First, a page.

FDA allowed the new anticoagulant Pradaxa to go on the market without any known way to quickly reverse its effects.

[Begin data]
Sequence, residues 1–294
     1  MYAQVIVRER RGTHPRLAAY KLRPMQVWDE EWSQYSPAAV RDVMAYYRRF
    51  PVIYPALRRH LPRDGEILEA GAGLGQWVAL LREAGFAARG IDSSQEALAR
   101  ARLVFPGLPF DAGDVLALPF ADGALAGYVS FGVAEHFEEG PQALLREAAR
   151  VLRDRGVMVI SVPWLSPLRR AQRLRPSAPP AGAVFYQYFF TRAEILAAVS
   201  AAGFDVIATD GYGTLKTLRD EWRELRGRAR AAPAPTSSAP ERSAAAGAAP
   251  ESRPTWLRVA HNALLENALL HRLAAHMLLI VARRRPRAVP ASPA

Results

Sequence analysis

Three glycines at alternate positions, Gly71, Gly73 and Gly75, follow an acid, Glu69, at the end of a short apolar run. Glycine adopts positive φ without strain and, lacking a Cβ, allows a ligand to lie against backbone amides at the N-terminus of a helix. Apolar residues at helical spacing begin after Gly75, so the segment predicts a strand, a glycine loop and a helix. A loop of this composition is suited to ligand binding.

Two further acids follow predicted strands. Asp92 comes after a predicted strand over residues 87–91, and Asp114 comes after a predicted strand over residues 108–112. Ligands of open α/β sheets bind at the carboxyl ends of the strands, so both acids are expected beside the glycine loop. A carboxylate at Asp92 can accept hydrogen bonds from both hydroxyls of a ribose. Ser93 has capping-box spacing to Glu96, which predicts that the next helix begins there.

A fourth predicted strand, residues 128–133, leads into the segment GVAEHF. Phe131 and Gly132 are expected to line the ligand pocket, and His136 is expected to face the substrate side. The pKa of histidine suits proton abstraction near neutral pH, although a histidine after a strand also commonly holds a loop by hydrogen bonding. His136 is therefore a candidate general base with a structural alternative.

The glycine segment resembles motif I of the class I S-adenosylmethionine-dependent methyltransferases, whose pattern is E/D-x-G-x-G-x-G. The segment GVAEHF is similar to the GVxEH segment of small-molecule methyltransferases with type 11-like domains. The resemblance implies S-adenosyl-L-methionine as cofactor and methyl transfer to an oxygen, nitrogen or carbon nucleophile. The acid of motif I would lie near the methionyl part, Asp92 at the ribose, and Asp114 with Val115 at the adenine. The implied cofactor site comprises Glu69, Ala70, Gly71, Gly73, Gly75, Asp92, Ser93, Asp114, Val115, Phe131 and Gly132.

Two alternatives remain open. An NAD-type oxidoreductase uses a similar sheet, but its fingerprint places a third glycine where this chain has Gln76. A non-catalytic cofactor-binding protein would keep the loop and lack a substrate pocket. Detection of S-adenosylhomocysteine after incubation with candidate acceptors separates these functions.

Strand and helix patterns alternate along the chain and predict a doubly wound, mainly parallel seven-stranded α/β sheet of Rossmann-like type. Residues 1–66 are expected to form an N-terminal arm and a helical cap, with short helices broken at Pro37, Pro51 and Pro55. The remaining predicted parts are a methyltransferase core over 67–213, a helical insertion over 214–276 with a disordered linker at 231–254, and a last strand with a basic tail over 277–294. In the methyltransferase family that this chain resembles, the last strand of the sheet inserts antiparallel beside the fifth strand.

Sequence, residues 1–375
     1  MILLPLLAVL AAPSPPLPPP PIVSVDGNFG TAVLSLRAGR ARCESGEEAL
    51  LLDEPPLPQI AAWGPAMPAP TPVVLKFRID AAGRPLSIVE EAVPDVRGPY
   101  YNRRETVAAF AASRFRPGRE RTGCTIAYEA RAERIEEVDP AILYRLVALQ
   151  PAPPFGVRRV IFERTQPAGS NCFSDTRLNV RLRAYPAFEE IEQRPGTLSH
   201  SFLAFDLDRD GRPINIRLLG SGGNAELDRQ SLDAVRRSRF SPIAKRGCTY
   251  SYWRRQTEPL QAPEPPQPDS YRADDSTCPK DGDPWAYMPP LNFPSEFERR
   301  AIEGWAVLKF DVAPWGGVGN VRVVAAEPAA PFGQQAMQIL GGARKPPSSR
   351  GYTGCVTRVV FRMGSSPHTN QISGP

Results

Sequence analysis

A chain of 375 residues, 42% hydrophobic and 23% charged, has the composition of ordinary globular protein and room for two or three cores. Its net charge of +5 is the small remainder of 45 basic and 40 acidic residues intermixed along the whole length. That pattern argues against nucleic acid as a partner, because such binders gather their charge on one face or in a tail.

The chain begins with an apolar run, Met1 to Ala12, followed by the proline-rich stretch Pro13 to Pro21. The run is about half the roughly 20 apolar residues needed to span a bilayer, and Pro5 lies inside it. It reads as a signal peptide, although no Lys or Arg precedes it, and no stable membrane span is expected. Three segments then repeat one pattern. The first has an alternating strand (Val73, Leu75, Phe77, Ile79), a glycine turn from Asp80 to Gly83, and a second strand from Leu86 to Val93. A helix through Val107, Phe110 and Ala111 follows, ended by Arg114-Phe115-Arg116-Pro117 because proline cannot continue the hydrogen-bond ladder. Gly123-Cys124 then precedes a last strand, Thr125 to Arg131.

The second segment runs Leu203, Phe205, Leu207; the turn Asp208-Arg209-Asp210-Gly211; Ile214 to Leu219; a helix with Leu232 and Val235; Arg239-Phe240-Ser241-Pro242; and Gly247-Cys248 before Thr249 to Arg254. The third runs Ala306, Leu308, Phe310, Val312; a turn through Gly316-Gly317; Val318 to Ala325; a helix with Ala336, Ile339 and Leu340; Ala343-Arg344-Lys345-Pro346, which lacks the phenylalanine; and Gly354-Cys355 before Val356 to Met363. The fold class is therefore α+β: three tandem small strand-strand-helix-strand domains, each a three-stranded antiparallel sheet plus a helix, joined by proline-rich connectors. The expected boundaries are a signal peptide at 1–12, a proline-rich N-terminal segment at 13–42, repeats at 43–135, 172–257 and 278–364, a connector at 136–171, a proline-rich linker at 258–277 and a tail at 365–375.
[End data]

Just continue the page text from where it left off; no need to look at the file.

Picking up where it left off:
Cardiac patients who experience atrial fibrillation are routinely prescribed anti-clotting drugs to help prevent strokes. For many years, the most popular anti-clotting agent has been warfarin, marketed as Coumadin. Warfarin is the active ingredient in rodenticides like D-Con, which work by causing rats and mice to bleed to death internally. Coumadin works by depleting the body’s level of active Vitamin K, a clotting factor present naturally in many foods. But Coumadin has major drawbacks. Patients taking it require frequent monitoring to assure they have the correct levels of the anticoagulant in their blood, and have to be careful about what they eat, because foods high in Vitamin K can alter Coumadin’s effectiveness. Recently new anti-clotting drugs have come on the market that have been hailed as major improvements over Coumadin because diet not a factor and patients taking them require little or no monitoring for blood levels. With brand names like Pradaxa (dabigatran), Xarelto (rivaroxaban) and Eliquis (apixaban), the new drugs are being hailed by investors in Big Pharma as “blockbuster” drugs, and their manufacturers are, as usual, aggressively marketing them through television ads. But these drugs can be quite costly in several ways. Pradaxa and Xarelto cost around $3,000 a year, while warfarin costs as little as $200. But a much bigger problem for patients is that there is no known antidote to the new drugs for patients who experience bleeding emergencies. Read more »